Magnetron Sputter Epitaxy of GaN Epilayers and Nanorods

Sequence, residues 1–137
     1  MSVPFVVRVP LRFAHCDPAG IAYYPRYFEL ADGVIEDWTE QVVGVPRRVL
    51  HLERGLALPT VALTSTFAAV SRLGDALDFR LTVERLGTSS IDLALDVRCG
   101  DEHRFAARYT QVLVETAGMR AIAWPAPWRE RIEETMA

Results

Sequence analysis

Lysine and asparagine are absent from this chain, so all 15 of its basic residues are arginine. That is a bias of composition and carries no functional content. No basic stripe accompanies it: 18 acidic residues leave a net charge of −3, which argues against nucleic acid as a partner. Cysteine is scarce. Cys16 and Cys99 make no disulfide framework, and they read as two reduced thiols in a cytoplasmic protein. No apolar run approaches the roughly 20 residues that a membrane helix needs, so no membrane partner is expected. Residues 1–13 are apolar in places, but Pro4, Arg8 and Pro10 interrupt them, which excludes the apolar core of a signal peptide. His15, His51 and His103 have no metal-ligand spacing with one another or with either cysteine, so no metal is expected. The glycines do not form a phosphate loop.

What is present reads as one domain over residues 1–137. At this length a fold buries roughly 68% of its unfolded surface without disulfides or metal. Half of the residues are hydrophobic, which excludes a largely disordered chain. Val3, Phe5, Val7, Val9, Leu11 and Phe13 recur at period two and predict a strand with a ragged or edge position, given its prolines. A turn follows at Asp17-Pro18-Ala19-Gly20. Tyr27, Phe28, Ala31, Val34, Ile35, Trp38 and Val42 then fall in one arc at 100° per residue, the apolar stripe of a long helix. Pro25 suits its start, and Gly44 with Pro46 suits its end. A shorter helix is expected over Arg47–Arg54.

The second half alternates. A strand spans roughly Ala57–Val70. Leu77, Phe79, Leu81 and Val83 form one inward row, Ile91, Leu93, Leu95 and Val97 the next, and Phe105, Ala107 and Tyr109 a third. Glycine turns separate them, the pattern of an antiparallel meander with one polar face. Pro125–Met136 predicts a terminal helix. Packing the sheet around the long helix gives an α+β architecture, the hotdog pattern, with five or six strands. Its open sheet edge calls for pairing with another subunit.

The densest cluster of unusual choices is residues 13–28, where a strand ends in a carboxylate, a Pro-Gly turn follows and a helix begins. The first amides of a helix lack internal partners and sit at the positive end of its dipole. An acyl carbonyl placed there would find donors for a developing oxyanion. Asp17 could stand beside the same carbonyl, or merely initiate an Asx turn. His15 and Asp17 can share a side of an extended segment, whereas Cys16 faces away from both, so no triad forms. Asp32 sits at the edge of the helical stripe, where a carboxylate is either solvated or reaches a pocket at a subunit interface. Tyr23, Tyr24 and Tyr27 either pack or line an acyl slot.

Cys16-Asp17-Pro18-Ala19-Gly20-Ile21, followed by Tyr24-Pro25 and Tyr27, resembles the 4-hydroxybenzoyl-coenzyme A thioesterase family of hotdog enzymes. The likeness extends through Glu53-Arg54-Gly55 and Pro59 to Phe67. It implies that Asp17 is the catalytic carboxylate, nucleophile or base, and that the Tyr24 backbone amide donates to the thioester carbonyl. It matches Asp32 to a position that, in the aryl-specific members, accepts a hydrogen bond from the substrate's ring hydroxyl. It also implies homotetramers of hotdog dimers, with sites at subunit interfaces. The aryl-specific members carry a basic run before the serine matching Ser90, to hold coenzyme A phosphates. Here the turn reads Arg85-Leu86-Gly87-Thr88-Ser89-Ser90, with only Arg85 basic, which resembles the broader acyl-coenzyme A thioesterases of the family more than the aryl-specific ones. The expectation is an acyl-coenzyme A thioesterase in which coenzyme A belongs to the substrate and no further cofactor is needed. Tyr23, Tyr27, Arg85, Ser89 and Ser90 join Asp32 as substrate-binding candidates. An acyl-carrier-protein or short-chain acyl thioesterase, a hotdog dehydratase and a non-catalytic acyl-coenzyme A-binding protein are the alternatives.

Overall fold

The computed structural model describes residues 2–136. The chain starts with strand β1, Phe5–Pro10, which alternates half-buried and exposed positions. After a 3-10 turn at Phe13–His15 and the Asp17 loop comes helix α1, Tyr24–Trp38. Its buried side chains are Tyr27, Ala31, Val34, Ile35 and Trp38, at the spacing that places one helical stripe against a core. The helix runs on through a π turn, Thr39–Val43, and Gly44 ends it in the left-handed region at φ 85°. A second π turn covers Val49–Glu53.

Abstract: In this research, electronic-grade GaN(0001) epilayers and nanorods have been grown onto Al2O3(0001) and Si(111) substrates, respectively, by reactive magnetron sputter epitaxy (MSE) using liquid Ga as a sputtering target. MSE, employing ultra high vacuum conditions, high-purity source materials, and lowenergy ion assisted deposition from substrate biasing, is a scalable method, lending itself to large area GaN synthesis.For the growth of epitaxial GaN films two types of sputtering techniques, direct current (DC) magnetron sputtering and high power impulse magnetron sputtering (HiPIMS) were studied. The GaN epitaxial films grown by DC-MSE directly on to Al2O3(0001) in a mixture of Ar and N2, feature low threading dislocation densities on the order of ? 1010 cm-2, as determined by transmission electron microscopy (TEM) and modified Williamson-Hall plots. X-ray rocking curves reveal a narrow full-width at half maximum (FWHM) of 1054 arcsec of the 0002 reflection. A sharp 4 K photoluminescence (PL) peak at 3.474 eV with a FWHM of 6.3 meV is attributed to intrinsic GaN band edge emission. GaN(0001) epitaxial films grown on Al2O3 substrates by HiPIMS deposition in a mixed N2/Ar discharge contain both strained domains and almost relaxed domains in the same epilayers, which was determined by a combination of x-ray diffraction (XRD), TEM, atomic force microscopy (AFM), ?-Raman microscopy, ?-PL, and Cathodoluminescence (CL). The almost fully relaxed domains show superior structural and optical properties evidenced by a rocking curves with full width at half maximum of 885 arc sec and a low temperature band edge luminescence at 3.47 eV with the FWHM of 10 meV. The other domain exhibits a 14 times higher isotropic strain component, which is due to higher densities of point and extended defects, resulting from bombardment of energetic species during growth.Single-crystal GaN(0001) nanorods have been grown directly on Si(111) substrates by DC-MSE in a pure N2environment. The as-grown GaN nanorods exhibit very high crystal quality from bottom to the top without any stacking faults, as determined by TEM. The crystal quality is found to increase with increasing working pressure. XRD results show that all the rods are highly 0001 oriented. All nanorods exhibit an N-polarity, as determined by convergent beam electron diffraction methods. Sharp and well-resolved 4 K ?-PL peaks at ~3.474 eV with a FWHM ranging from 1.7 meV to 22 meV are attributed to the intrinsic GaN band edge emission and corroborate the exceptional crystal quality of the material. Texture measurements reveal that the rods have random in-plane orientation when grown on Si(111) with its native oxide while they have an inplane epitaxial relationship of GaN[11?20] // Si[1?10] when grown on Si(111) without the surface oxide. The best structural and optical properties of the rods were achieved at N2 partial pressures of 15 to 20 mTorr. By diluting the reactive N2 working gas in DC-MSE with Ar, it is possible to achieve favorable growth conditions for high quality GaN nanorods onto Si(111) at a low total pressure of 5 mTorr. With an addition of small amount of Ar (0.5 mTorr), we observe an increase in nanorod aspect ratio from 8 to ~35, a decrease in average diameter from 74 nm to 35 nm, and a 2-fold increase in nanorod density compared to pure N2 conditions. By further dilution, the aspect ratio continuously decreases to 14 while the diameter increases to 60 nm and the nanorod density increases to a maximum of 2.4×109 cm-1. The changes in nanorod morphology upon Ar-dilution of the N2 working gas are explained by a transition from N-rich growth conditions, promoting the diffusion induced nanorods growth mode, to Ga-rich growth conditions, in qualitative agreement with GaN nanorods growth by MBE. At N2 partial pressure of 2.5 mTorr, the Ga-target is close to a non-poisoned state which gives the most perfect crystal quality which is reflected in an exceptionally narrow band edge emission at 3.479 eV with a FWHM of only 1.7 meV. Such structural and optical properties are comparable to rods previously grown at 3 to 4 time higher total working pressures of pure N2.
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